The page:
Q&A: Kevin Ziomek, Detroit Tigers Pitching Prospect (and the Next Drew Smyly?)

Kevin Ziomek carved up Midwest League hitters in his first full professional season. In 123 innings at West Michigan, the 22-year-old left-hander logged a 2.27 ERA and an 11.1 K/9. His top-flight numbers notwithstanding, he created surprisingly little buzz.

The Detroit Tigers took Ziomek in the second round of the 2013 draft out of Vanderbilt University, which helps explain the paucity of plaudits. When a high-round pick from a high-profile college program excels in Low-A, the reaction is typically “That’s what he was expected to do. Let’s see what he does at the next level.”

Despite his dominance, Ziomek’s chance to pass that next test won’t come until next season. (Tigers farm director Reid Nichols gave a non-specific answer when I asked why Ziomek wasn’t promoted.) One possible reason was an opportunity to spent the entire summer working under the tutelage of Whitecaps pitching coach Mike Henneman.

Ziomek, whom Baseball America ranks as Detroit’s second-best pitching prospect, discussed his under-the-radar 2014 performance at the end of the season.


Ziomek on his high strikeout rate: “Making pitches early in the count can put you in position to strike people out. What (the Tigers) want is for us to try to get people out early in the count. Then, if we get to that two-strike count, we can try to get that strikeout. Every pitcher – I don’t care who you are – likes to get strikeouts.

“Guys coming out of the college game have a tendency to throw a lot of pitches that are unnecessary. Keeping my pitch count down is something I improved on over the course of the year. I threw first-pitch strikes and got ahead, and as a result my strikeout numbers went up. In a way, I got more strikeouts because I wasn’t trying to strike people out.”

On his fastball-slider combination: “I throw both a four- and a two-seamer. I do a pretty good job of getting the ball inside to righthanders, and I throw a four-seam for that. I’ll throw a two-seamer when I want to run the ball off the plate away from a right-hander.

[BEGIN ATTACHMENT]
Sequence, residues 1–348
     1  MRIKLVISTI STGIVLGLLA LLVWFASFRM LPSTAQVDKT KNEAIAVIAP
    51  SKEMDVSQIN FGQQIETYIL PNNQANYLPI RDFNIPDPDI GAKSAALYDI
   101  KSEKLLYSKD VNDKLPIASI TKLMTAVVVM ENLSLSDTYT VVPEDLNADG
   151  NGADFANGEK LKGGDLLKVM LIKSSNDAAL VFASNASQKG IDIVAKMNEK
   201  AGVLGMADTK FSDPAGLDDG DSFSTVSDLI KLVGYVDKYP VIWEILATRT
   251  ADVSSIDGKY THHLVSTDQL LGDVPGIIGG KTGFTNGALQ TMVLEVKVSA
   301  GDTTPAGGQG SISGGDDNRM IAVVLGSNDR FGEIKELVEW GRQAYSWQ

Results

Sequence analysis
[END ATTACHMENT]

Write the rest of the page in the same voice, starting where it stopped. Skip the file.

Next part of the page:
“I guess I ran (my fastball) up to 94, but I was mostly around 90. Nothing too crazy. I just try to locate and come back with my slider when they’re not expecting it. My slider will be around 75 when I want to throw it for a strike early in the count, and sometimes I’ll run it up closer to 80 for a strikeout later in the count. My slider is probably my biggest strikeout pitch.”

On his curveball and changeup: “My curveball is pretty slow. I kind of like to mix it in early in the count and it’s probably around 70-72 mph. I use it to give hitters a different look. I don’t throw it often, but it’s good to have something extra to show the hitter.

“My changeup is around 78-80 and it’s the pitch I’m working on the most now. In the past, I was predominantly a fastball-slider guy. Here, working with coach Henneman, we’ve really started trying to develop my changeup. As I move up the levels, it’s going to be a big pitch for me, especially as a lefty. You don’t see too many big-league left-handed starters who don’t have a halfway decent changeup.”

On working with Mike Henneman: “I like talking about the mental approach to pitching with coach Henneman. He’s big on going out there and just competing — knowing your stuff is good enough to beat anybody if you locate the ball well. If you execute pitches, you’re going to be able to get guys out.

“He’s also helped me out a lot with pitch sequencing. We talk about that quite a bit. Some guys kind of just go out there and throw the ball – I was sort of like that in the past – but he’s taught me a lot about when to throw a certain pitch and how to outsmart hitters. What I learned from him really helped me take off in the second half.

“I like talking to our coaches, because they’ve been through it and know how things work. Coach Henneman pitched in the big leagues for a long time. A.J. (Sager), our pitching coordinator, and Mike Maroth also pitched in the big leagues and are great resources. I also like talking to some of the hitters. They’ll tell me what pitchers like to throw them in certain counts, and I can learn from that. By the time you get to this level, it’s not so much about mechanics, but more learning the mental side of the game.”

On mechanical adjustments and not speeding up: “There’s been nothing crazy, just trying to keep things slow. I kind of have a tendency to rush through my delivery a little bit. Sometimes I get a little excited out there. Coach Henneman has pointed that out to me. I’ll be rushing, maybe in tighter situations or early in the game. I’ll be a little more jacked up, so we focus on me staying slow and keeping things simple.

“I’ve always been that way. I get pretty excited when I get out there on the mound, so I always have to take a second before I make a pitch. I take that deep breath. I guess I just love to pitch so much that I get fired up.”

David Laurila grew up in Michigan's Upper Peninsula and now writes about baseball from his home in Cambridge, Mass. He authored the Prospectus Q&A series at Baseball Prospectus from December 2006-May 2011 before being claimed off waivers by FanGraphs. He can be followed on Twitter @DavidLaurilaQA.

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Micah Stupak

Hey, Mike Maroth! The Ilitch family is kinda known for taking care of reliable people once their playing career is over, and I’m glad to see Maroth has a place in the organization.